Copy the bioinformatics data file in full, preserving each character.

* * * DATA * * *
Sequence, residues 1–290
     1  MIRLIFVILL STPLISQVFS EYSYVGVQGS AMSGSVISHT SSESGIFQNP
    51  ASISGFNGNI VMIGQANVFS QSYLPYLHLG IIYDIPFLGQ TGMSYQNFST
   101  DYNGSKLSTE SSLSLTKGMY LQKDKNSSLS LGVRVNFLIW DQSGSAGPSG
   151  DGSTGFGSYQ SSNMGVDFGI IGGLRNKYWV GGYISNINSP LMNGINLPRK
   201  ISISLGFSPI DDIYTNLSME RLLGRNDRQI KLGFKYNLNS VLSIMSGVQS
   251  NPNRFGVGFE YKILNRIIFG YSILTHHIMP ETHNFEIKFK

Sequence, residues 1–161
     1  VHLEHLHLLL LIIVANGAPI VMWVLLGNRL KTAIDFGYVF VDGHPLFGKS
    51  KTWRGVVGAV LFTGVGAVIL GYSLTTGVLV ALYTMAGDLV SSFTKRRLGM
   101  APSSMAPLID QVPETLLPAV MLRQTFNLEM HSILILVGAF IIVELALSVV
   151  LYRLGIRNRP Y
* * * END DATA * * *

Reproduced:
Sequence, residues 1–290
     1  MIRLIFVILL STPLISQVFS EYSYVGVQGS AMSGSVISHT SSESGIFQNP
    51  ASISGFNGNI VMIGQANVFS QSYLPYLHLG IIYDIPFLGQ TGMSYQNFST
   101  DYNGSKLSTE SSLSLTKGMY LQKDKNSSLS LGVRVNFLIW DQSGSAGPSG
   151  DGSTGFGSYQ SSNMGVDFGI IGGLRNKYWV GGYISNINSP LMNGINLPRK
   201  ISISLGFSPI DDIYTNLSME RLLGRNDRQI KLGFKYNLNS VLSIMSGVQS
   251  NPNRFGVGFE YKILNRIIFG YSILTHHIMP ETHNFEIKFK

Sequence, residues 1–161
     1  VHLEHLHLLL LIIVANGAPI VMWVLLGNRL KTAIDFGYVF VDGHPLFGKS
    51  KTWRGVVGAV LFTGVGAVIL GYSLTTGVLV ALYTMAGDLV SSFTKRRLGM
   101  APSSMAPLID QVPETLLPAV MLRQTFNLEM HSILILVGAF IIVELALSVV
   151  LYRLGIRNRP Y